Significant media and record industry attention soon followed. The New York Times named Terrasson one of 30 artists "most likely to change the culture for the next thirty years," and label representatives compe ted to release his debut. Four months after the competition, executives from Blue Note and Verve both approached him after his performance at a New York club. Blue Note eventually won the bidding war, signing Terrasson to a contract considered lucrative b y jazz standards. "It was not a normal 25-grand-an-album kind of deal; it was quite a bit more than that," Blue Note president Bruce Lundvall told Billboard. Terrasson told Billboard the in tense label attention introduced him to the business side of the music industry fast. "I guess it's kind of the name of the game," he said. "I got a lot more press attention, and as far as business people, it's like all the s harks come after you, you know? It's true---that's really the way it felt for me. All of a sudden, I was exposed to this other part of being a musician."
Terrasson recorded his self-titled debut with his working trio, which included bassist Ugonna Okegwo and drummer Leon Parker. The album was released to widespread acclaim in 1994. Time magazine named the album one of its t op albums of the year. A string of Blue Note releases followed, including a 1997 recording, Rendezvous, featuring Terrasson as co-bandleader with acclaimed vocalist Cassandra Wilson. "That was a situation where she didn't have a record ready to go, and neither did I. So Blue Note said, 'Why don't you do something together?' I thought that was a good idea," Terrasson told All About Jazz. The London Independent named t he release one of its top musical choices of the year.
Terrasson payed tribute to his French heritage with the 2001 Blue Note release À Paris . . ., a collection of popular and traditional songs from his home country arranged in a jazz style, alongside two of Terrasson's original tunes. The album featured "La Marseillaise," the French national anthem, with its brassy march style significantly tempered. "The National Anthem, 'La Marseillaise,' is a march, and the lyrics are very aggre ssive and oppressive," Terrasson told All About Jazz. "But I treated the piece like a child's version of it---a pretty little waltz. I'm very happy about how that track turned out. If you take away the march and the lyr ics, it's a beautiful little melody."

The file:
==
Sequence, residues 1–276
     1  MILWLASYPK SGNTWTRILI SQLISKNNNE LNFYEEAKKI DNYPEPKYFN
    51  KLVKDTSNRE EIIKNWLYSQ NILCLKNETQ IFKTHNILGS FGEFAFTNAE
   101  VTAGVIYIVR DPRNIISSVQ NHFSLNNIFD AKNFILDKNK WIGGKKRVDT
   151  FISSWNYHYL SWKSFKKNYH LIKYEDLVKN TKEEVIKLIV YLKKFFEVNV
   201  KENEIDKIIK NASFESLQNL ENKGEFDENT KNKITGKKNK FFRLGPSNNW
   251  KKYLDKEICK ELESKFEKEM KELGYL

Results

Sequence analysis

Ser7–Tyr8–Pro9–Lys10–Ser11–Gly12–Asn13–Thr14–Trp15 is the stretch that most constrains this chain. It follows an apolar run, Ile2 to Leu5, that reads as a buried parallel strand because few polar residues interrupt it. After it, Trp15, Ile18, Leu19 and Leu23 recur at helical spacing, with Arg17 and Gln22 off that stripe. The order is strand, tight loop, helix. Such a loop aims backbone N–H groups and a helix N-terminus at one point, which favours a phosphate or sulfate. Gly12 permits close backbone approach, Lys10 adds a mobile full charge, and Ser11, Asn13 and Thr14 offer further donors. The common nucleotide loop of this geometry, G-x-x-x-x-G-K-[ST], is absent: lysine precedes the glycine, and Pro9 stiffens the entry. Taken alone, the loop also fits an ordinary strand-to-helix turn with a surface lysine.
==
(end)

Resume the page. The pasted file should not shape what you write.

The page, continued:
Terrasson told the Pittsburgh Post-Gazette that while his schedule is now more hectic, he appreciates the rewards that have befallen him: "This is really what I wanted all my life, to have a great record deal and to be able to play the type of music I want and to be recognized a little. It's just that I find myself very busy all the time. And you've just got to watch every move you do, 'cause you're in the spotlight. But other than that, the s upport and the attention, that's great. I don't take anything for granted."
by Kristin Palm
Jacky Terrasson's Career
Played professionally at clubs in Boston, Chicago, and New York City, beginning in 1985; toured with bassist Ray Brown (1991) and singer Betty Carter (1993); won Thelonious Monk International Piano Competition (1993) and signed with B lue Note; continues to record with his own trio; has recorded with singers Cassandra Wilson and Dianne Reeves; saxophonists Guy Lafitte, Javon Jackson, and Antoine Roney; and drummers Sebastian Whittaker and Cindy Blackman.
- Selected discography
- Jacky Terrasson Blue Note, 1994.
- Reach Blue Note, 1996.
- Rendezvous Blue Note, 1997.
- Alive Blue Note, 1998.
- What It Is Blue Note, 1999.
- À Paris . . . Blue Note, 1998.
- Moon & Sand Jazz Aux Remparts, 2001.
- Lover Man Venus, 2002.
- Smile Blue Note, 2002.
- Pittsburgh Post-Gazette, February 24, 1995
- Washington Post, March 26, 1995
- "An Interview with Jacky Terrasson," All About Jazz, http://www.allaboutjazz.com (October 28, 2004).
- "Jacky Terrasson," All Music Guide, http://www.allmusic.com (October 28, 2004).
- "Jacky Terrasson," Grove Dictionary of Jazz, http://www.groveonline.com (October 28, 2004).